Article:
Ohio citizens have been taking notice of the many geese families milling around ponds and lawns. One of the management options for Canada geese that have become a nuisance is harassment, or in other words, agitating geese with a variety of tactics (noise makers, dogs, visual deterrents, predator decoys) until they take flight and vacate the area.
BYGL writer Curtis Young reported that he recently identified a COMMON WATERSNAKE for a curious homeowner. For many, seeing a snake in the water instantly brings to mind the venomous WATER MOCCASIN, also known as the cottonmouth.
This spring and early summer has been extremely wet for the NW and northern parts of Ohio. This wetness also extends westward through Indiana, Illinois, Iowa and Missouri. Weather record maps are quite revealing.
Charles Darwin as a young man eschewed his mathematics and theological studies, opting instead to look under rocks for beetles and to lead group expeditions to better understand nature, much like Joe Boggs and his BYGLivers, J. B. S. Haldane quipped that "God must have an inordinate fondness for beetles" with regard to their diversity, Douglas Brinkley, wrote in Wilderness Warrior about a young Teddy Roosevelt that "To the bafflement of his parents he gathered more than 100 different species of lichens and fungi under rocks and in dense undergrowths.
June 15 - 21, 2015 has been designated National Pollinator Week by the U.S. Department of Agriculture; this is a great time to think about how to attract more pollinators to our gardens. Pollinators are necessary for the production of many food crops and provide a vital service to the survival of many native plants. We can thank pollinators for one in three mouthfuls of food and drink – from coffee and chocolate to most fruits and many vegetables we eat.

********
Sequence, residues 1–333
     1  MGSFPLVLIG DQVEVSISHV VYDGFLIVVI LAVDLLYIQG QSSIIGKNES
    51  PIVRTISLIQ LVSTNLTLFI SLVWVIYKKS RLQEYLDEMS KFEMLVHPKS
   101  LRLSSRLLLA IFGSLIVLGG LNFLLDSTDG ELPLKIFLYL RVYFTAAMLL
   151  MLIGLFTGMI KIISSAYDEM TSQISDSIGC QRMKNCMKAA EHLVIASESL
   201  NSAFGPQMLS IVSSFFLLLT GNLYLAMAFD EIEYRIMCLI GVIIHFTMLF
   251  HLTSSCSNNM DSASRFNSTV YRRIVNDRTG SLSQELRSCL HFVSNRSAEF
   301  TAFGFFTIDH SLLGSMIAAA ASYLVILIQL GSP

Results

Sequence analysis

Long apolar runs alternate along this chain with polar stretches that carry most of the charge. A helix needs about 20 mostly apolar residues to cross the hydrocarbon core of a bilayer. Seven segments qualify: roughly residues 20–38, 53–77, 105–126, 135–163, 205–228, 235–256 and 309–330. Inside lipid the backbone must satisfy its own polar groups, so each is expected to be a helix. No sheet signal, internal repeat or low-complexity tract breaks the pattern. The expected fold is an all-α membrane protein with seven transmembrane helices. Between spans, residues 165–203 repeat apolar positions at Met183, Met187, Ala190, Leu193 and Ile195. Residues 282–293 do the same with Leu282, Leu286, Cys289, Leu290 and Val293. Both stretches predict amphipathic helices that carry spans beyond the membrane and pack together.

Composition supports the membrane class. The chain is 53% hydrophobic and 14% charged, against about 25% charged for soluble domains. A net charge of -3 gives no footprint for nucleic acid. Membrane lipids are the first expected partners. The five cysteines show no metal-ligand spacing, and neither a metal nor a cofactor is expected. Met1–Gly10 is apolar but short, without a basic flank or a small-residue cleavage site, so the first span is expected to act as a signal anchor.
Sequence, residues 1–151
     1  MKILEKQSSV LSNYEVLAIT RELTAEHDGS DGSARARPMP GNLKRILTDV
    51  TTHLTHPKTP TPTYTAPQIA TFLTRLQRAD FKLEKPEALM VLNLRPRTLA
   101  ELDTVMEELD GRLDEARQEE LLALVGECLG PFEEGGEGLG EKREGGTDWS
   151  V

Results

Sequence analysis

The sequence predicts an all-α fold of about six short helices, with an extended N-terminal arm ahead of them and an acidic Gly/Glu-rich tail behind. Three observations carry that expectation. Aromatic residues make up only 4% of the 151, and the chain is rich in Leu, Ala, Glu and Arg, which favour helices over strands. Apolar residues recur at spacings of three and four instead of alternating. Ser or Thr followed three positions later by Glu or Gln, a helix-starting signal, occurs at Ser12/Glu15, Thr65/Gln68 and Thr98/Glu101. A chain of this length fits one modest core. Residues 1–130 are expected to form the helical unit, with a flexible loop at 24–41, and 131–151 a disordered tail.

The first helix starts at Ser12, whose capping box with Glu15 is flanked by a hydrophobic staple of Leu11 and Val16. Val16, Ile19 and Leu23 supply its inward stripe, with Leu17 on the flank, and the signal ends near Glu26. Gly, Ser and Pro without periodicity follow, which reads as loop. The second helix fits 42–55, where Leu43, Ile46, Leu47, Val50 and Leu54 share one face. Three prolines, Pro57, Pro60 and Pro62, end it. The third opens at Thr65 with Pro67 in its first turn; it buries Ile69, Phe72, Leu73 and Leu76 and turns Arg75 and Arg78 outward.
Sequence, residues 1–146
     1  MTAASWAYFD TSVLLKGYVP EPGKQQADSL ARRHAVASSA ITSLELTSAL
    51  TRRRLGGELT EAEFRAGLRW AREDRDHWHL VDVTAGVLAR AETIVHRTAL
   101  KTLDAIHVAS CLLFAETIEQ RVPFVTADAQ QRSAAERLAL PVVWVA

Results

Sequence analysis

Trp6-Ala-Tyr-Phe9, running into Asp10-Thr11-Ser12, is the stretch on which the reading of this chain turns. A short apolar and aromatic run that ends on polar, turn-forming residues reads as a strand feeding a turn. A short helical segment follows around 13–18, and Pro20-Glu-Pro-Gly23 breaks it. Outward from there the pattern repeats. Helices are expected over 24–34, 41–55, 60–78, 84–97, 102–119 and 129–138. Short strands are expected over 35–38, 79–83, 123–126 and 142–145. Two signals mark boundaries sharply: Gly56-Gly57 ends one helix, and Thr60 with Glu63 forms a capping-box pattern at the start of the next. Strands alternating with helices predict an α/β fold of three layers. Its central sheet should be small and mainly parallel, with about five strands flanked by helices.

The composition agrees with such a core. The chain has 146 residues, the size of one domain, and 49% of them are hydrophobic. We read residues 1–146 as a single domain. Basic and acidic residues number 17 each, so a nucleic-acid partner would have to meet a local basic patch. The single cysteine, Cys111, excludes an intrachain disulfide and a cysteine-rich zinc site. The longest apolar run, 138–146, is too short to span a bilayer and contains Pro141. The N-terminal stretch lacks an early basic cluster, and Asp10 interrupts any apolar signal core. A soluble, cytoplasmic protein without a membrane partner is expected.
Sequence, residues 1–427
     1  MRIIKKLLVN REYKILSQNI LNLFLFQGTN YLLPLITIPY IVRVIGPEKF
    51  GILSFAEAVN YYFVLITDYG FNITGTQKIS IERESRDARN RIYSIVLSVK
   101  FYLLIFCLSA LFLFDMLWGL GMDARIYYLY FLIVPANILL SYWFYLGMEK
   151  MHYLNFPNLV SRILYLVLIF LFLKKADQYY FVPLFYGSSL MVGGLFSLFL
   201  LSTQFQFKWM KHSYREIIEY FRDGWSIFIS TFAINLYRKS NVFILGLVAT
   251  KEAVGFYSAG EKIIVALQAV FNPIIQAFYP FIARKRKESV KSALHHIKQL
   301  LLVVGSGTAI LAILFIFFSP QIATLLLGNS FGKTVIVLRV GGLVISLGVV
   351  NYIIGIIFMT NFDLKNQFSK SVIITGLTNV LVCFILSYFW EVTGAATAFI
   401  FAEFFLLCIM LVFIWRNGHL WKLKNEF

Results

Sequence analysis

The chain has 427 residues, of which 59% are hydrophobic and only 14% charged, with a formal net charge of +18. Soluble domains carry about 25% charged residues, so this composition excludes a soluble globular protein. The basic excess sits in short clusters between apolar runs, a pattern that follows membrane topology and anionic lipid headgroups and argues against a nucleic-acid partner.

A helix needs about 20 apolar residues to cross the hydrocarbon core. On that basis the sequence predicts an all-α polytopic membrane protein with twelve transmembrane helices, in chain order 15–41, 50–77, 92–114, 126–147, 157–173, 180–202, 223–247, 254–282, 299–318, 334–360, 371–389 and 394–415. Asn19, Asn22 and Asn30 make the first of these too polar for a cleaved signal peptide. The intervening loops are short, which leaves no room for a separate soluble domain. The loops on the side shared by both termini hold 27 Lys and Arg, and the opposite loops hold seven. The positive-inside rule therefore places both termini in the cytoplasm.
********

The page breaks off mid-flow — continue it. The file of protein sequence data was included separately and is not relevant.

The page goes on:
These are ground dwelling squirrels that inhabit mature woodlands and woodland edges, as well as urban areas around buildings and homes. Weighing in at 2 - 4 oz., the 5 - 6" long chipmunk is reddish to grayish brown with 5 dark stripes running down its back.
BYGL writers Marne Titchenell, Pam Bennett and Denise Johnson have all received questions on how to rid gardens of pesky squirrels eating tomatoes and other veggies. Unfortunately, squirrels are not an easy critter to get rid of, especially if other habitat features exist in the area, namely mature, hard mast producing trees (oaks, hickories and walnuts).
Many of Ohio's songbirds are well into their nesting season and are already giving young baby birds 'the boot' out of the nest. When a young bird is ready to leave the nest, it is called a fledgling.
It is not at all uncommon to encounter tiny, newly metamorphosed frogs and toads hopping about yards this time of year. Tiny miniatures of SPRING PEEPERS (Pseudacris crucifer), GRAY TREEFROGS (Hyla versicolor) and AMERICAN TOADS (Anaxyrus americanus) have been spotted in central Ohio.
Erik Draper reported going to a high tunnel tomato greenhouse to check out concerns expressed about "spotted tomatoes." Erik was surprised to discover the tomato fruits were not spotted, but instead the leaves had a scattering of yellow spots on them!